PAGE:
While you might be tempted to associate Stephen King with his homicidal creations — telekinetic Carrie White, rabid Cujo, shapeshifting Pennywise the Clown — the monster he most identifies with isn't one of his own.
"I'm kind of like the shark in Jaws," he told BuzzFeed in March, speaking from North Carolina, where filming for the second season of CBS' Under the Dome was underway. "I have to keep moving ahead and eating to live."
Under the Dome, based on King's epic novel of the same name, is set in the small town of Chester's Mill, which becomes inexplicably trapped under a massive, indestructible dome. King wrote the second season premiere, which airs June 30, and had input into the series' next 13-episode arc.
At 66, King is no stranger to adaptation: His novels have gotten the big-screen treatment time and again over the past several decades, from classics like 1976's Carrie and 1980's The Shining to more modern fare like 2007's The Mist and the 2013 adaptation of Carrie. A film adaptation of King's novel Cell, with a screenplay co-written by King, is due next year, and there is talk of new versions of It and The Stand, both of which already had TV miniseries adaptations.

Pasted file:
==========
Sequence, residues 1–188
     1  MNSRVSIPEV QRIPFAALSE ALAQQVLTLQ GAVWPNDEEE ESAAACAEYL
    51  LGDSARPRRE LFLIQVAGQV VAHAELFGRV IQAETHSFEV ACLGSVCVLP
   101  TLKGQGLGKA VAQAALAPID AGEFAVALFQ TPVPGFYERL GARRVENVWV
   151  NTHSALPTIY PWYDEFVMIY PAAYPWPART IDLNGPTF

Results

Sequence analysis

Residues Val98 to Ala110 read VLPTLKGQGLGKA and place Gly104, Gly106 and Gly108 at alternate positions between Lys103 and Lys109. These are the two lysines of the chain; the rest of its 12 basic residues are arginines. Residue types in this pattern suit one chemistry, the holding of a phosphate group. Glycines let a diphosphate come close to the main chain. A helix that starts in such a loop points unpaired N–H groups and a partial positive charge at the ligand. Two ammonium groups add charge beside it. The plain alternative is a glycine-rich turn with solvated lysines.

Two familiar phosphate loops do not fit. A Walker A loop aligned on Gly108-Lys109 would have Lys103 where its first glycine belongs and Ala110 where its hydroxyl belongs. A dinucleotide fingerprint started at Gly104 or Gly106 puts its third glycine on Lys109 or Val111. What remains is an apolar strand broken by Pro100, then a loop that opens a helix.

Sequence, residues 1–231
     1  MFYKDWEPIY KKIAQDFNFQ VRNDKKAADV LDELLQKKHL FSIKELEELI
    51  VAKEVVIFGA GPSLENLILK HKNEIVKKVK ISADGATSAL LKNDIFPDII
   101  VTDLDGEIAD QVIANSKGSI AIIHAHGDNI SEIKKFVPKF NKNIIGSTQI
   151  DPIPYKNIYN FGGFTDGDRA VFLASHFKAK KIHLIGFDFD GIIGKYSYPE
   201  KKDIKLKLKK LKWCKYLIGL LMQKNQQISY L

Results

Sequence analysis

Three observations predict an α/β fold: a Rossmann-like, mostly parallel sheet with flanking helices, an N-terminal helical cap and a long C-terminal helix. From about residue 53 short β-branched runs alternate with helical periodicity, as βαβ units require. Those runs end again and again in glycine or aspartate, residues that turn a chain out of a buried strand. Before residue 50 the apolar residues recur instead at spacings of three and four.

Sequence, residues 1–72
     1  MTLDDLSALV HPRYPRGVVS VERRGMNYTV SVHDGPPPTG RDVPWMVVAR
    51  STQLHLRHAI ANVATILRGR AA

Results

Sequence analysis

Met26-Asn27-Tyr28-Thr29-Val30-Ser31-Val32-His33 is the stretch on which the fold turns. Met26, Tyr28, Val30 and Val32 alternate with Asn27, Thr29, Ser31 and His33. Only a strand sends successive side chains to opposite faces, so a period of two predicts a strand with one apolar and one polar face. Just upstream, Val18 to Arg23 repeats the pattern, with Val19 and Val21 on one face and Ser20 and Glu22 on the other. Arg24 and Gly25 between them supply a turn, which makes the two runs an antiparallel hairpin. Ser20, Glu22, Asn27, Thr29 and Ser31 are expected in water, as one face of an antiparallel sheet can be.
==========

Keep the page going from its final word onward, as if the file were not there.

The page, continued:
But Under the Dome presents a unique challenge to King, who is more directly involved with the production than he has been with most other adaptations of his work. The way he explained it, that's a mixed blessing.